The success of precision medicine relies on extensive clinical testing, electronic health records, genetic profiling, big data sets, and novel analytical and implementation methods to create a person-specific information that can then be used to identify an optimal intervention with minimal risk.

The benefits of precision medicine included better medical management, safer dosing options, reduced adverse events, reduce inappropriate procedures and medical interventions, and improved patient management.


Precision Medicine in Cardiology and Challenges

Cardiology has been slower than other disciplines in pursuing precision medicine. This is now changing as several attempts are beginning to take shape. Efforts are in place to define distinctive patient groups, identify molecular targets, develop risk models and evaluate the effects of drugs through genome scale metabolic models.  But there are several barriers in precision medicine that also limits the widespread application and advancement of it in modern medicine. First of all, the multidisciplinary approach requires synchronisation between several departments, calls for advances in technology, regulatory oversights, big data storage, and ethical concerns with the use of genetic information storage.

There is also a large concern that precision medicine is just like stem cell revolution, where the promise to become what it is may not be achievable but will have incremental gains on a case by case basis. But by comprehensive understanding, united efforts, clinical application, evidence-based practices and technological advancements, precision medicine could change the entire landscape of cardiovascular health care system in the near future.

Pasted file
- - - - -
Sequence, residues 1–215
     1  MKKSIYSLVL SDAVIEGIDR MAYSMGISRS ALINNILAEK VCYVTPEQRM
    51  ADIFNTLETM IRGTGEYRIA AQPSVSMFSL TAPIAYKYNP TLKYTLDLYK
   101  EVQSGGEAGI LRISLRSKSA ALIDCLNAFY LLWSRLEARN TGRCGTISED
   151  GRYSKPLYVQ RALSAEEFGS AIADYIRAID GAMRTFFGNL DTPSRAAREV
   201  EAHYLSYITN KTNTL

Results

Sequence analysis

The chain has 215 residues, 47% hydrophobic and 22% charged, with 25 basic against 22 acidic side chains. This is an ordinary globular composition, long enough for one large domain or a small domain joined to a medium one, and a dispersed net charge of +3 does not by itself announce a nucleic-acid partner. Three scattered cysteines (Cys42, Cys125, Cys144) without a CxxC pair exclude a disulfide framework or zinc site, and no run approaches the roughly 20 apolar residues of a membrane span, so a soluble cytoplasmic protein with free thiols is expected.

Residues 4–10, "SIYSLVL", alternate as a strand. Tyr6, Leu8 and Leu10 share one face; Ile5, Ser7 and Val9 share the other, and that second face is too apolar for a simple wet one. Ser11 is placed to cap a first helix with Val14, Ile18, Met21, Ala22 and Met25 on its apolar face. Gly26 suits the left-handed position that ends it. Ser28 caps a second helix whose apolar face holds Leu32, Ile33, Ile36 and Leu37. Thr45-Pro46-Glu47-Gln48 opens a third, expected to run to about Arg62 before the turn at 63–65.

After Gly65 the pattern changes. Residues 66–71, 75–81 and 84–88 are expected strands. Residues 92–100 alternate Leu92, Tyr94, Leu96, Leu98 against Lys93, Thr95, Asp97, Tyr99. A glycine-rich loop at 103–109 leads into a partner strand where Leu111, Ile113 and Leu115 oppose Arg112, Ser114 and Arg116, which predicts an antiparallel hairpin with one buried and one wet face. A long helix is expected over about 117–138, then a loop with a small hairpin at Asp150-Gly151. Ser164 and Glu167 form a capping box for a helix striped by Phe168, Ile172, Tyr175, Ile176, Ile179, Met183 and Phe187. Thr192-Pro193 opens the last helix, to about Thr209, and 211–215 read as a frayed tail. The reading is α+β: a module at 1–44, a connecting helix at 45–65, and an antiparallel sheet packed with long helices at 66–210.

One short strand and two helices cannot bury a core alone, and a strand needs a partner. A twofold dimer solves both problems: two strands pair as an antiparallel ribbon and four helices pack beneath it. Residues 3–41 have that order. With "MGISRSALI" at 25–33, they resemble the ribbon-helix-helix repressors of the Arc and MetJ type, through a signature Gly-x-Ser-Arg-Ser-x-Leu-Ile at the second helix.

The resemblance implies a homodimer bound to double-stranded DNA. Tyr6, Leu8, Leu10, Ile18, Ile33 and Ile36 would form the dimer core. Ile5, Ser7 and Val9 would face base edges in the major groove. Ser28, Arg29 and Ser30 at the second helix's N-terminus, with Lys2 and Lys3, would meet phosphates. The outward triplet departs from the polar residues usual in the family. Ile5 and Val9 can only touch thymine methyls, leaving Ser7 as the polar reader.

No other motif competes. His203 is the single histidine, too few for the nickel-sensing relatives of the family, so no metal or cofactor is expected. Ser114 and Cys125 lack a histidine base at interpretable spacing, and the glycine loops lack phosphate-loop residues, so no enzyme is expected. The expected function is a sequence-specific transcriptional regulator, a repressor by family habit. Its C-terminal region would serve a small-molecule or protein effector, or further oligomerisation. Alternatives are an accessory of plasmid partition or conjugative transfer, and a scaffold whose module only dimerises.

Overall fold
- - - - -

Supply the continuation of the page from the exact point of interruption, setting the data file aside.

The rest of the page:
1. Jones DS and Greene JA. The decline and rise of coronary heart disease: understanding public health catastrophism. American journal of public health. 2013;103:1207-1218.
  2. Duffy DJ. Problems, challenges and promises: perspectives on precision medicine. Briefings in Bioinformatics. 2015;17:494-504.



Thiamine: An Important Nutrient to Consider in Treatment of Congestive Heart Failure

Thiamine deficiency is an uncommon nutritional deficiency in the developed world. The population most at risk in North America and Europe has been noted to be alcoholics with poor diets. This nutrient deficiency can manifest as several different syndromes, one of which is “beriberi.” Beriberi was first described by Dr. Wenckebach in the early 1900s who observed the presence of dependent edema, elevated venous pressures, and an enlarged heart in patients who had three or more months of a thiamine deficient diet, with recovery after thiamine administration. What followed years after were several case reports of alcoholics with signs of congestive heart failure who improved drastically with administration of thiamine.